In his profile, the 11 in the Solid slot is dominate and there is only 1 point in the classic. Just like Vino Rosso, the stamina end will water down to that Classic slot. Perfection. The 16 points (8+8) in his Intermediate and Brilliant (speed) slots BALANCES out his inherited chef stamina. He NEEDED that speed underneath to balance out that low chef index on top to compete.
In addition to all of that, he still gained 17 points in additional stamina which he needed to add to the 9.2f chef distance. The dominate 11 in the 13-14-15f Solid slot offers him the additional stamina and coupled to what he gained from his chefs puts him at an even line with Vino.
Chefs Profile = 7-2-10-2-1 (22) DI = 1.75 CD = 0.55
Mares Profile = = 8-8-1-11-6 Speed = 16 Stamina = 17 Index = 1.04 Triads = 17-20-18
When you combine the CD’s, Drosselmeyer ends up at exactly 10.1f. However, the placement of the 11 points in his Solid Slot will add even more endurance. Most times, speed or stamina will get watered down, but sometimes it does not. In Drosselmeyer’s case, it would appear that he gravitated directly to that dominance and he also gained additional Solid and Professional digits in that Chefs profile as well. You must take those numbers into consideration because those sires are present. When everything is combined, Drosselmeyer’s distance capability skyrockets up to approximately 11.4f.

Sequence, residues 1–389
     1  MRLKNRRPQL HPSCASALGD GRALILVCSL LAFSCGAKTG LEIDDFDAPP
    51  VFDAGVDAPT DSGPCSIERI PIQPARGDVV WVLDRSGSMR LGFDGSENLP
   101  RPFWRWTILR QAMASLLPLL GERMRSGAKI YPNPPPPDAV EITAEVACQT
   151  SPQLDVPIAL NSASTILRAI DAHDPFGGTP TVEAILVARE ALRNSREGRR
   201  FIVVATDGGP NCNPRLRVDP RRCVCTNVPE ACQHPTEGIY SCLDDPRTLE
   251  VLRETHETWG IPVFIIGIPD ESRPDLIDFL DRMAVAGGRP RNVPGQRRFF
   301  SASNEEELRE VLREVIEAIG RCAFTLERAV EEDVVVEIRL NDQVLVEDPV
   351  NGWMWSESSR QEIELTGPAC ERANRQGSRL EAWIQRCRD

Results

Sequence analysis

The additional speed garnered from his mares drops his distance capability down from Vino’s through the combination of the CD’s, however, he needed that extra speed from them to BALANCE HIM OUT. He also needed additional stamina from those mares, which he did receive in order to get him to that Classic Distance. He also gained additional staying power from his chefs above that CD.
Drosselmeyer is a 1.75 index Stamina horse who gained the additional speed from his mares to compete. He only needed to get to 10f, with a higher level of speed and that is exactly the balance he garnered. He actually gained enough additional stamina to an optimum of 11.4f.